Meanwhile, the big banks continue to increase fees, offering discounts only when you give them more of your business.  It’s more convenient to bank in one place, but you’ll still pay more than if you shop your business around.

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Aceto said one benefit of the merger will be integration with Scotia’s ATMs, which is one reason PC Financial stands out among the no-fee banks.  Their customers get free access to 3,800 PC Financial and CIBC ATM’s.

What’s Next For ING?

With Ally eliminated from the Canadian banking scene earlier this year, all eyes are on Scotia’s plans for ING. The company has until May of next year to shed the ING Direct name and rebrand itself.

Aceto says a decision is still to be made, but one thing is clear – Scotia will not be in the new name.

“We won’t be called Scotiabank 360,” he said, alluding to ING Direct USA rebranding as Capital One 360 earlier this year.

One item on the forefront is the introduction of a cash back credit card.

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“Cash back is simple, convenient, and it ties back to savings, all things that align with our values,” said Aceto.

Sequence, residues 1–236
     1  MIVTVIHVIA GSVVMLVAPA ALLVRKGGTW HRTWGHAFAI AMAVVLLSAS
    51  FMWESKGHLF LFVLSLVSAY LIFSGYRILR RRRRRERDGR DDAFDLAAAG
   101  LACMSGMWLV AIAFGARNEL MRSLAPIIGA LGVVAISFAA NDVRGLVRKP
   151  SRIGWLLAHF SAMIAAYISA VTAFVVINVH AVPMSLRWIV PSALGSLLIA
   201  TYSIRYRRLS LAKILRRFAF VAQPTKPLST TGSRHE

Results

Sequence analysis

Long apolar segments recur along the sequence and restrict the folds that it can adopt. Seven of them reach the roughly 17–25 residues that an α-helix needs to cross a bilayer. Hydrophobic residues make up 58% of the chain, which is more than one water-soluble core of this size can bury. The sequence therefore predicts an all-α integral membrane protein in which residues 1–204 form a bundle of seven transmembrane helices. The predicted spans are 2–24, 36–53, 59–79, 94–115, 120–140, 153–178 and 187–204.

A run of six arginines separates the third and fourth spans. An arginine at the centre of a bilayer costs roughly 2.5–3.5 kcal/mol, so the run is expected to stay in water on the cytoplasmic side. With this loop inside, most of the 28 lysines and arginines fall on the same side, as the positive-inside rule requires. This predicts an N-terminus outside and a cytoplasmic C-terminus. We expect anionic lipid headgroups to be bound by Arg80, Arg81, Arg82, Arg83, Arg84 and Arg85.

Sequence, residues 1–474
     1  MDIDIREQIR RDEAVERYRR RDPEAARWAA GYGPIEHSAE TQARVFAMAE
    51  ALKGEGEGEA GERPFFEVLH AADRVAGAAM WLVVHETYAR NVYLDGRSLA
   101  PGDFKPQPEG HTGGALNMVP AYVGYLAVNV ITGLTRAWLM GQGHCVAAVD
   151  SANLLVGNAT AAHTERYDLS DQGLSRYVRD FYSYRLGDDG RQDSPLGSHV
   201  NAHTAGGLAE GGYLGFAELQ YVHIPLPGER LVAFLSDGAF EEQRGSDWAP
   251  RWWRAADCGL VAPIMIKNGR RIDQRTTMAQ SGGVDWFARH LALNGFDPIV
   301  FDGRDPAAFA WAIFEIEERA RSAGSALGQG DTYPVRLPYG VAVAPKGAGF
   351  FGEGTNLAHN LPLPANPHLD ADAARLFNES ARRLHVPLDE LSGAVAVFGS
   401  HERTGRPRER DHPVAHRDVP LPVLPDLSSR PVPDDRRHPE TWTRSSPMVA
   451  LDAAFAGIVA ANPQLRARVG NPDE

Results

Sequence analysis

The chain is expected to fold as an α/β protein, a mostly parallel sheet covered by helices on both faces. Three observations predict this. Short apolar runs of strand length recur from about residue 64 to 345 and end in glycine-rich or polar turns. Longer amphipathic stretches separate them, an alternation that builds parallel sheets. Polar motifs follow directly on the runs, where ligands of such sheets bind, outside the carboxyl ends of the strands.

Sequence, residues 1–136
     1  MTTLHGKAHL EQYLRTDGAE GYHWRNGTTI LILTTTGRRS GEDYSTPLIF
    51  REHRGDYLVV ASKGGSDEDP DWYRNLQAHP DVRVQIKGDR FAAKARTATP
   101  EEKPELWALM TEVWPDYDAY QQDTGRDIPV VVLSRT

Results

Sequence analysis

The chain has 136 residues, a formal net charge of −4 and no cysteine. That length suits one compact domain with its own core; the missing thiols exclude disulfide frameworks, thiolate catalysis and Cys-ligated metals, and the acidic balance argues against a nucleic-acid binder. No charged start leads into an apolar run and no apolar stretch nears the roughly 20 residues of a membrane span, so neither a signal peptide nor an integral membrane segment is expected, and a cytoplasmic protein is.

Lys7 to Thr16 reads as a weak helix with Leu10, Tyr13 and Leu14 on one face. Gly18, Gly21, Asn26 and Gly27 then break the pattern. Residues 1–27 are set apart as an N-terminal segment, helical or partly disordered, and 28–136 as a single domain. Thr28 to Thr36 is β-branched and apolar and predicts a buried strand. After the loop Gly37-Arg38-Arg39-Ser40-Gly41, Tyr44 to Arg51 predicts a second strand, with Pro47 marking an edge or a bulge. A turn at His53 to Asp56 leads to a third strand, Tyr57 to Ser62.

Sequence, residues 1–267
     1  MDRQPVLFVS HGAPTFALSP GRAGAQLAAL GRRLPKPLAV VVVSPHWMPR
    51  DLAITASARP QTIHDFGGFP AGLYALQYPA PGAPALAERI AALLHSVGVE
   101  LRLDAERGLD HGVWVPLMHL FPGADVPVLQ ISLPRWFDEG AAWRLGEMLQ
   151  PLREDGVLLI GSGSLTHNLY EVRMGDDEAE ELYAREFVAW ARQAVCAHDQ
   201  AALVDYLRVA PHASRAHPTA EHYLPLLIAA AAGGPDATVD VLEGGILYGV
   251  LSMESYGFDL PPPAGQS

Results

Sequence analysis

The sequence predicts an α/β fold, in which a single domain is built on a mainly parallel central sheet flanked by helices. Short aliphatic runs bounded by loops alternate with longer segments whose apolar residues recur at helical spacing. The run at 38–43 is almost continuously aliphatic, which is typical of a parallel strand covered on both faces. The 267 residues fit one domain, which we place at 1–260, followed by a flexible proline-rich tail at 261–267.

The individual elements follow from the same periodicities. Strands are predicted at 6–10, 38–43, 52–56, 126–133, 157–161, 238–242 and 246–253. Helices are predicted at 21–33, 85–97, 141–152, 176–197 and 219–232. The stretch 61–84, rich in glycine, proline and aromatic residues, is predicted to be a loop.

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12 Comments

  1. Martin on September 5, 2013 at 10:21 pm

    Oh man. Scotiabank 360 just rolls of the tongue.

    Great job on the interview. I’m nervous to see what happens. I love my ING Direct account. So simple and easy to use.

    • Echo on September 6, 2013 at 7:14 am

      Thanks Martin! Although their name must change, I’m sure they’ll continue to be a leader in online banking and hold true to the no-fee model.

  2. Jane Savers @ Solving The Money Puzzle on September 6, 2013 at 6:24 am

    I bought Bank of Nova Scotia shares last month and part of the reason was because of the ING takeover. It should make the bank stronger.

    I think ING will begin to disappear but people are sort of lazy when it comes to banking and if their accounts are being moved to BNS they will probably just leave them there.

    • Echo on September 6, 2013 at 7:11 am

      @Jane – Scotia had pretty strong quarterly results, presumably bolstered by ING’s deposits.

      Why do you think they’ll eventually disappear? All indications are that they’re not going away anytime soon.